UNDERSTANDING THE BUILDING BLOCKS OF STORY STRUCTURE
Inspired by our course, Writing for Children and Teens, listen to get the full content. We discuss:
•A story beginning establishes a main character and a basic situation.
•The middle develops a problem or difficulty and builds to a climax, which is then resolved.
•The ending concludes the story’s events.
•This structure applies equally to a two-page tale for small children and to a 400-page adult novel.
•The story problem may not take the form of an urgent conflict or challenge but it might consist instead of a puzzle or question, an embarrassing situation, a hunt, or a misunderstanding.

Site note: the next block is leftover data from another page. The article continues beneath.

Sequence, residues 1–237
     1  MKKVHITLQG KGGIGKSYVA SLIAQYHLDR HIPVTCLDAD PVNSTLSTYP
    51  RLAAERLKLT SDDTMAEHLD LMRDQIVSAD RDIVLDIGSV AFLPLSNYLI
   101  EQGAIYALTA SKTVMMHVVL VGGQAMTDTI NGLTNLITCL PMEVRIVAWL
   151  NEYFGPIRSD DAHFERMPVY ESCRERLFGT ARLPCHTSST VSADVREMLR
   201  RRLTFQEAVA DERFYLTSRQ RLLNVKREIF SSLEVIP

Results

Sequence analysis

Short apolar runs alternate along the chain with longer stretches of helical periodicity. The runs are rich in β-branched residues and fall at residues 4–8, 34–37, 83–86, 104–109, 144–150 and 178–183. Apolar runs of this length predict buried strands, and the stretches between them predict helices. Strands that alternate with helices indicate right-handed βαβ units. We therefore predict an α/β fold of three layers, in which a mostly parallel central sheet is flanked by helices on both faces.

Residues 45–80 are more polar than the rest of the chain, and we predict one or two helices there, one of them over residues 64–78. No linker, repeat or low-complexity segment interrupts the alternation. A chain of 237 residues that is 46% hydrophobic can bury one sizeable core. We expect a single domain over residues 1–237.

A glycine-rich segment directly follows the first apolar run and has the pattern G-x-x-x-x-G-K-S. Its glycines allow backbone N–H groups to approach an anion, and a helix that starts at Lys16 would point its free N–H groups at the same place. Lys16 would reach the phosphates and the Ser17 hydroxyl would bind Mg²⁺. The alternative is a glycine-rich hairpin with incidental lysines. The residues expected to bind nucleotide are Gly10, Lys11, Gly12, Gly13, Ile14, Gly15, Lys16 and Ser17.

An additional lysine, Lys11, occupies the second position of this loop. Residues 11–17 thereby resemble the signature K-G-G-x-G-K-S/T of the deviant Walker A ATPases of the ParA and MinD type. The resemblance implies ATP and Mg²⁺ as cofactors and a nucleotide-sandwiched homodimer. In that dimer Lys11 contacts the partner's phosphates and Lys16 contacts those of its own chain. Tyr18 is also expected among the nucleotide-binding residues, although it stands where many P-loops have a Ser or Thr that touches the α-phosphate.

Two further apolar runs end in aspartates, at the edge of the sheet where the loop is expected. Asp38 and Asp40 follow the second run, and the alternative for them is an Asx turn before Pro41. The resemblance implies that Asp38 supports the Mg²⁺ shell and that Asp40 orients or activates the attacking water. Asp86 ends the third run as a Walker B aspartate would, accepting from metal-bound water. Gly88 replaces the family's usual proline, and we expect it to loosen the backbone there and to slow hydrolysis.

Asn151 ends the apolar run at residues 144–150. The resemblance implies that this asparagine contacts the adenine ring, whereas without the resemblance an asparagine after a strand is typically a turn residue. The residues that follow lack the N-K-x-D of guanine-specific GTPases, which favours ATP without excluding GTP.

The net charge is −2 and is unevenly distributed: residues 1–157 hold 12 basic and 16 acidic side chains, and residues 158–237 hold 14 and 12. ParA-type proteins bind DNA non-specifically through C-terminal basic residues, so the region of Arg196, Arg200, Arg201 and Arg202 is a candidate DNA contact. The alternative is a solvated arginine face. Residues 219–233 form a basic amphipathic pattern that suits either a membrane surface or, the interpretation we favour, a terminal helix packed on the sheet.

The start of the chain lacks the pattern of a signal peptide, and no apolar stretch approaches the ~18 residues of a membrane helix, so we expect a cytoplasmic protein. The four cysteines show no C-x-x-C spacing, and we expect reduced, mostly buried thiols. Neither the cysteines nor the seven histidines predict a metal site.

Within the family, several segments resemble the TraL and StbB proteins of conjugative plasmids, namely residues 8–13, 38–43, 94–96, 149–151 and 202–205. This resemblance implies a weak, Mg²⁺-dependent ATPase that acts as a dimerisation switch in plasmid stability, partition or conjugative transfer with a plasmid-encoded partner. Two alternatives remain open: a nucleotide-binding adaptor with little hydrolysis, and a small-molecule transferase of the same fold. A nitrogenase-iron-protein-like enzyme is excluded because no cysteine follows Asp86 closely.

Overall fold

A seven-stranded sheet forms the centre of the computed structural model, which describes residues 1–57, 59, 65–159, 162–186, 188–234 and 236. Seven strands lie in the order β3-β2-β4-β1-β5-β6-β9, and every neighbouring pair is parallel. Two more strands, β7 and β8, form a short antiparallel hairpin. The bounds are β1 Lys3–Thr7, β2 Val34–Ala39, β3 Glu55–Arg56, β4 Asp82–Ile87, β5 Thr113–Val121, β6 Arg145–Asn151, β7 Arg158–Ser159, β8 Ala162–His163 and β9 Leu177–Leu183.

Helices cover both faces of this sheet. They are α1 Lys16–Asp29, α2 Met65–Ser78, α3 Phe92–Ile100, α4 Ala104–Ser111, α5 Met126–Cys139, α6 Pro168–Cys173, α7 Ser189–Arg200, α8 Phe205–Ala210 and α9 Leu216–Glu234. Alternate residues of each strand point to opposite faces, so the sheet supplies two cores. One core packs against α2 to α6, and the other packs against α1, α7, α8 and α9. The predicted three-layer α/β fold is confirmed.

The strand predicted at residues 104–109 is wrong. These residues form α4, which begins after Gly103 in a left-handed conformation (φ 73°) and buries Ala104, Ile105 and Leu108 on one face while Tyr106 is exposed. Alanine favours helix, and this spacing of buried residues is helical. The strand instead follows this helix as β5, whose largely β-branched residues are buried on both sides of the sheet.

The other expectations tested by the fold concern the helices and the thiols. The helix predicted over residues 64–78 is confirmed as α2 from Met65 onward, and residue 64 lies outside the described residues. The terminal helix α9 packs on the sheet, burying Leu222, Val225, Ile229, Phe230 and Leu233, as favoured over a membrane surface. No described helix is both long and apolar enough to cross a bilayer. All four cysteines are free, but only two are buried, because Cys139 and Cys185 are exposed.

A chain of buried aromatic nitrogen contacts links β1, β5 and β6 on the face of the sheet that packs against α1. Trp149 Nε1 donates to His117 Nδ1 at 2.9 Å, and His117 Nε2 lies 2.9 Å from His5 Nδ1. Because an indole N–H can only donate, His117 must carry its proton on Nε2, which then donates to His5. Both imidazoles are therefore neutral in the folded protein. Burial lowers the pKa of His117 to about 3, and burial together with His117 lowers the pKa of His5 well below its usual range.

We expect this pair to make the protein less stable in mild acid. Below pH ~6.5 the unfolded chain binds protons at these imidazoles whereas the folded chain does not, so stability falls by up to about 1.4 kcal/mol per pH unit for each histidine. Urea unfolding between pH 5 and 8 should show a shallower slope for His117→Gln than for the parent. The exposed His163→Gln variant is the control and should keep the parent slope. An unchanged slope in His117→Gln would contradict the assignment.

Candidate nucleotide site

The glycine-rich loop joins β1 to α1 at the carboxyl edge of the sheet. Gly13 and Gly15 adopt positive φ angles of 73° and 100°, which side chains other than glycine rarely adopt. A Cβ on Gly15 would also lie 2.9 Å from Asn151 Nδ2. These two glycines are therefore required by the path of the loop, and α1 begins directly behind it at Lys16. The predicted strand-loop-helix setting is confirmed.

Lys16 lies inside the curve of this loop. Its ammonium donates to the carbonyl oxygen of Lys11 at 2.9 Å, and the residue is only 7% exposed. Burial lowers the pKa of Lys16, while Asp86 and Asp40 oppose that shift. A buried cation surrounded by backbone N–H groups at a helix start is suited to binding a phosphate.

•Setting up a pre-existing problem.
•Conflict as the element that connects a story’s beginning, middle, and ending—a problem or challenge that’s resolved through a series of events.
•Playing with your basic idea until you see how you can give it the three-part shape we’ve just described—and you can start from any point. You may be struck first with the dramatic solution to a dilemma; then you’ll need to work backwards to the events that created the dilemma, devising characters who would logically be faced with the situation you have in mind.
•What’s wrong with an identical twin or the old, “It was all a dream . . . or was it?” scenario.
Click here to download the show notes with extra resources!
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